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Tuesday, September 23, 2014 |  Madison, WI: 59.0° F  Fair
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Street smart
A homeless man trades rags for riches in The Pursuit of Happyness
Smith and son buy into the American Dream.
Smith and son buy into the American Dream.

Will Smith, who got $25 million and a share of the gross for I, Robot, does a pretty good impersonation of a homeless man in The Pursuit of Happyness, Gabriele Muccino's Horatio Alger tale set in the Reaganite '80s. Smith often seems to coast by on his charm; in some ways, he'll always be "The Fresh Prince of Bel-Air." But this time he kicks it down a notch, lets that self-satisfied grin go a little slack, shows more wariness and weariness in those heavy-lidded eyes. The result is a man who has unshakable confidence in himself but is starting to lose confidence in the rest of the world. Based on the life of Chris Gardner, a Chicago investment banker who scraped the bottom of the barrel while enduring a six-month, unpaid broker-trainee program with Dean Witter, The Pursuit of Happyness shows just how exhausting the pursuit can be.

In fact, running is the movie's running motif. Smith's Gardner, who has sole custody of his 5-year-old son (played by Smith's own son, Jaden Smith), is always on the move. And the faster he runs, the farther he gets behind. We watch as his wife (Thandie Newton, who could also stand to kick it down a notch) leaves him, his car is impounded, he's booted out of his apartment, he's thrown in jail and, after being released, has to spend the night in a public restroom, his son cradled in his arms. And it starts to dawn on us how time-consuming poverty can be. Most men would break under the pressure, and Smith's Gardner comes close a couple of times. But those who break under pressure don't tend to get movies made about them, and the real-life Gardner now owns homes on Chicago's Lake Shore Drive and Manhattan's Fifth Avenue.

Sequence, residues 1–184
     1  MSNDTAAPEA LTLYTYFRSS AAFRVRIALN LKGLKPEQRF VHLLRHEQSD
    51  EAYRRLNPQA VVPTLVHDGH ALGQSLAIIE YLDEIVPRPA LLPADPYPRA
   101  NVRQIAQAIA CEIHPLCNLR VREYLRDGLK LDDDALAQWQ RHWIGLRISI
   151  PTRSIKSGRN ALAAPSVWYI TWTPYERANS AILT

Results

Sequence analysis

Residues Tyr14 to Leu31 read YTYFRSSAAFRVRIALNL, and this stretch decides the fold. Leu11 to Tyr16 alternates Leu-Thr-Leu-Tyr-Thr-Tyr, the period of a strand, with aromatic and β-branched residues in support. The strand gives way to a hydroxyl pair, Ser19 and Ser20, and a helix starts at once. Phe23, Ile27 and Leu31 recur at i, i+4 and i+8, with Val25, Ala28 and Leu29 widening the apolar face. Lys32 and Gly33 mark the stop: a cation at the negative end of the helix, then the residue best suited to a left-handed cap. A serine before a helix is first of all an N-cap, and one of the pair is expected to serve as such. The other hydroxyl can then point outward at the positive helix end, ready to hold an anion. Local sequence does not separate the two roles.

The nice thing about The Pursuit of Happyness is that, for a rags-to-riches story, it sure spends a lot of time in rags. (We learn about Gardner's millions in a postscript.) And it doesn't prettify poverty, like movies so often do. When Gardner and his son bed down in that public restroom, we can practically smell the disinfectant. But let's be honest here, Chris Gardner isn't just any old homeless person. He's a guy who, given half the chance, is going to make it; and the Land of Opportunity, after some initial hesitation, gives him that chance. By the way, race appears not to be a factor in his fall and rise, which makes the movie that much more of a Horatio Alger myth. The Pursuit of Happyness ultimately buys into the American Dream, how we can pull ourselves up by our own bootstraps, but at least it shows us how hard we have to pull.

I loved the small touches, as when Gardner's wife, at the end of a family meal, pours the tea left in the drinking glasses back into the pitcher, seals it up and puts it in the refrigerator. A penny saved is a penny earned.

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